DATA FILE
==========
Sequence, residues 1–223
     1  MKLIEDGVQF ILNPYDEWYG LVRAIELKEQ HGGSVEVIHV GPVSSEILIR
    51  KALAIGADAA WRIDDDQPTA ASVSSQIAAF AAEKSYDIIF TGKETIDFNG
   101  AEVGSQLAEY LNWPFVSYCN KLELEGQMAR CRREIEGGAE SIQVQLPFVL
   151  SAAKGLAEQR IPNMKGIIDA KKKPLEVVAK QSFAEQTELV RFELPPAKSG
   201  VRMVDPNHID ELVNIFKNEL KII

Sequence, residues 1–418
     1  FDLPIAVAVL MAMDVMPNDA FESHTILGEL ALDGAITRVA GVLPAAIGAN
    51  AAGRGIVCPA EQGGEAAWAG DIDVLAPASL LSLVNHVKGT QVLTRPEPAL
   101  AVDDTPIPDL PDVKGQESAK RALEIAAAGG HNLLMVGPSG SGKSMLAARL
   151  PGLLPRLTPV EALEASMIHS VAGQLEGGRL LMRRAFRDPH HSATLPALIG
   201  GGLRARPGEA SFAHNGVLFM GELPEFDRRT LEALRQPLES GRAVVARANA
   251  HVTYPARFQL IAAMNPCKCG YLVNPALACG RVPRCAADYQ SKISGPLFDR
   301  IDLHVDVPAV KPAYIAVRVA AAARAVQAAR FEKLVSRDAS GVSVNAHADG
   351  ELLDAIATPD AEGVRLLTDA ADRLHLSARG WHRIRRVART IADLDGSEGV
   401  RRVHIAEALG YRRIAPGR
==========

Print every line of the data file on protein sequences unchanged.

Sequence, residues 1–223
     1  MKLIEDGVQF ILNPYDEWYG LVRAIELKEQ HGGSVEVIHV GPVSSEILIR
    51  KALAIGADAA WRIDDDQPTA ASVSSQIAAF AAEKSYDIIF TGKETIDFNG
   101  AEVGSQLAEY LNWPFVSYCN KLELEGQMAR CRREIEGGAE SIQVQLPFVL
   151  SAAKGLAEQR IPNMKGIIDA KKKPLEVVAK QSFAEQTELV RFELPPAKSG
   201  VRMVDPNHID ELVNIFKNEL KII

Sequence, residues 1–418
     1  FDLPIAVAVL MAMDVMPNDA FESHTILGEL ALDGAITRVA GVLPAAIGAN
    51  AAGRGIVCPA EQGGEAAWAG DIDVLAPASL LSLVNHVKGT QVLTRPEPAL
   101  AVDDTPIPDL PDVKGQESAK RALEIAAAGG HNLLMVGPSG SGKSMLAARL
   151  PGLLPRLTPV EALEASMIHS VAGQLEGGRL LMRRAFRDPH HSATLPALIG
   201  GGLRARPGEA SFAHNGVLFM GELPEFDRRT LEALRQPLES GRAVVARANA
   251  HVTYPARFQL IAAMNPCKCG YLVNPALACG RVPRCAADYQ SKISGPLFDR
   301  IDLHVDVPAV KPAYIAVRVA AAARAVQAAR FEKLVSRDAS GVSVNAHADG
   351  ELLDAIATPD AEGVRLLTDA ADRLHLSARG WHRIRRVART IADLDGSEGV
   401  RRVHIAEALG YRRIAPGR